- Is the food being prepared, cooked, cooled, stored and displayed hygienically so that it is not contaminated with harmful bacteria, foreign objects such as glass, metal etc or chemicals?
- Is the structure and equipment used for food preparation clean, suitable and properly maintained? This includes consideration of layout, lighting, ventilation and other facilities
- Does the business understand what it needs to do to ensure that food is safe? Does it, for example keep food at the correct temperatures or make sure that raw food is stored separately from ready to eat food? Importantly does the business ensure that these precautions are part of the routine and do they keep records to show this?
For when things go very wrong, officers have powers to immediately close premises that present a serious risk to health and they are not allowed to reopen without the Council’s permission. Any business with a zero score will be kept under very close scrutiny to ensure improvements take place quickly.
Information for businesses:
- Businesses can appeal against the rating they are given if they believe it is wrong or unfair.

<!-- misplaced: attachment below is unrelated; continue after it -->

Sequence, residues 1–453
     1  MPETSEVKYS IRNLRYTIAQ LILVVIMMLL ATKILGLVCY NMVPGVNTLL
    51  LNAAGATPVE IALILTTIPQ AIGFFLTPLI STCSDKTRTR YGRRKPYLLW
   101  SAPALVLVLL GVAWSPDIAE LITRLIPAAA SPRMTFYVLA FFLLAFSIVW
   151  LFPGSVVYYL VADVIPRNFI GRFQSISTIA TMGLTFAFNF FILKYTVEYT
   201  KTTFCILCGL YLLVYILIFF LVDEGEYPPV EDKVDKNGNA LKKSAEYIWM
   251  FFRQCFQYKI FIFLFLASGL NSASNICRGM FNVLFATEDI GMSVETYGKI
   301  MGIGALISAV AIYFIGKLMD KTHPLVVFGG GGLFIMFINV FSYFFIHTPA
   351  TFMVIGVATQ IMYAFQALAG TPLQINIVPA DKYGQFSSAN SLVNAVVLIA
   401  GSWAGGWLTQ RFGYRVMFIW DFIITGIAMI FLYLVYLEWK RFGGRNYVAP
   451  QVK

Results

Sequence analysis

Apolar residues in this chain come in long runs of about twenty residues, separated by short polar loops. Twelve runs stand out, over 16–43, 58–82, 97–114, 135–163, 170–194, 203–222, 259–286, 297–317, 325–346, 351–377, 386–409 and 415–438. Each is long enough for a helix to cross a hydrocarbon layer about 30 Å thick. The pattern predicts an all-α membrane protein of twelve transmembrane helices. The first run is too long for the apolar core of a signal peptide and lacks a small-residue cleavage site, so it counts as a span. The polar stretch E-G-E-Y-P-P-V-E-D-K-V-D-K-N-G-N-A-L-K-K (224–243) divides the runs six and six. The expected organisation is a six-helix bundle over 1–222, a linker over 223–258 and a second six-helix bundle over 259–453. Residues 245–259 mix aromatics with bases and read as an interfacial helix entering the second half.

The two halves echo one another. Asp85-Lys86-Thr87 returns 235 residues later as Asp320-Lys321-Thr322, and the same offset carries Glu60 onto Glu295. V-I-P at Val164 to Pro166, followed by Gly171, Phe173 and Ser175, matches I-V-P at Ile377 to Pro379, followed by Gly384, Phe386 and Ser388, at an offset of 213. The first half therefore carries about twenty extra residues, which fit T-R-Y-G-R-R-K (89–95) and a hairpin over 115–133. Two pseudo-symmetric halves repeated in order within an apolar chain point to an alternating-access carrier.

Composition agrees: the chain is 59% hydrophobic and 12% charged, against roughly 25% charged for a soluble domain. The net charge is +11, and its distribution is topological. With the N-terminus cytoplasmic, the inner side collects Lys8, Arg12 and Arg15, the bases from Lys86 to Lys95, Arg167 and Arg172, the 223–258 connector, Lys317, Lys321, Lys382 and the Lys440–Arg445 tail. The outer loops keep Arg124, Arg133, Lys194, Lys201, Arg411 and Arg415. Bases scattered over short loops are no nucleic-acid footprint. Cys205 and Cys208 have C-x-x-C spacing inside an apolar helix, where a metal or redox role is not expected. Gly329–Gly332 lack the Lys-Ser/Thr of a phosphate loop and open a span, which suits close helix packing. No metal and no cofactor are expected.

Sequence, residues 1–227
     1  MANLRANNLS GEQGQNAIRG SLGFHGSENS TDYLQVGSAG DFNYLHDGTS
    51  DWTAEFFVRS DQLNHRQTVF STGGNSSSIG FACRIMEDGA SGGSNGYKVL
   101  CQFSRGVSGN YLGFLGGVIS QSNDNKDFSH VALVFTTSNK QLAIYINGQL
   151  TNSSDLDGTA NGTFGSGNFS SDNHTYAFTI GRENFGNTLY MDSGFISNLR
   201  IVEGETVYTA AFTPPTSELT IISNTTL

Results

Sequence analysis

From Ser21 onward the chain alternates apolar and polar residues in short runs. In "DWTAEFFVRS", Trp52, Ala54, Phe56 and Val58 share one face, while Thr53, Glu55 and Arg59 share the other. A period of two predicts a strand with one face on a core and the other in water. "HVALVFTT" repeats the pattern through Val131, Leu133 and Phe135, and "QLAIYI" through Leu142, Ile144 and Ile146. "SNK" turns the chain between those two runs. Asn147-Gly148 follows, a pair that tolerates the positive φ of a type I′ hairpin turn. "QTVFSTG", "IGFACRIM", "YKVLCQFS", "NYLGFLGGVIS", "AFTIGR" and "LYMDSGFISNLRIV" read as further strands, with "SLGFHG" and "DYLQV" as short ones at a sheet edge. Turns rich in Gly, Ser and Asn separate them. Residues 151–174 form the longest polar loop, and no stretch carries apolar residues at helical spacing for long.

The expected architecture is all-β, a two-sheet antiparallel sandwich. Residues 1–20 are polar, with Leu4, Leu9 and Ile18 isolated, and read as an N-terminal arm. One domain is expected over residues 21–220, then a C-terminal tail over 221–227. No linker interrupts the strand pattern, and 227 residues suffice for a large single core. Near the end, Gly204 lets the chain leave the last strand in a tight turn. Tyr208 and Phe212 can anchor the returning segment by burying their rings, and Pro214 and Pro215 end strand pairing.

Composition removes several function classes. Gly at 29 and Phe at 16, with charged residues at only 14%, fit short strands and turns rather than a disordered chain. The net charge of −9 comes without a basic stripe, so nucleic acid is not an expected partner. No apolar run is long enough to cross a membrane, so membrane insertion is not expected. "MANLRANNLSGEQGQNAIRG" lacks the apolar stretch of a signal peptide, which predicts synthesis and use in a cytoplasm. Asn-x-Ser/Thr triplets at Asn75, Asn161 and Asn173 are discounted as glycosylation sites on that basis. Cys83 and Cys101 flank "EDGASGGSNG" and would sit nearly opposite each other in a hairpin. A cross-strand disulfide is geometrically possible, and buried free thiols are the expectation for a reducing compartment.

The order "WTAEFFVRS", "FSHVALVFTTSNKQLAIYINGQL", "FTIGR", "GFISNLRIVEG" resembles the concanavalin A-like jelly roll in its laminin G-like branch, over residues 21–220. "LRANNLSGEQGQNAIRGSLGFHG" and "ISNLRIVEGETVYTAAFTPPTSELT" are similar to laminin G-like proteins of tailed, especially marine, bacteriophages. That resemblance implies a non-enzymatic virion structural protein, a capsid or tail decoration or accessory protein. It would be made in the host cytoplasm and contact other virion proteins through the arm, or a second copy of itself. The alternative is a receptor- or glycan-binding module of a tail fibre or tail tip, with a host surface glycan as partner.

- Businesses can ask for another visit to get a new rating if they make the improvements to hygiene standards that the inspecting officer has asked for.
- Businesses also have a ‘right to reply’ if they improve hygiene standards since their inspection, or if there were unusual circumstances at the time of the inspection.
You can get more information and download the forms you need from www.food.gov.uk
For more information, please contact the Environmental Health Section on 01923 776611 or firstname.lastname@example.org
Thinking of starting a food business? Visit the Food Standards Agency website for more advice. For local training opportunities please see www.saferfoodscores.co.uk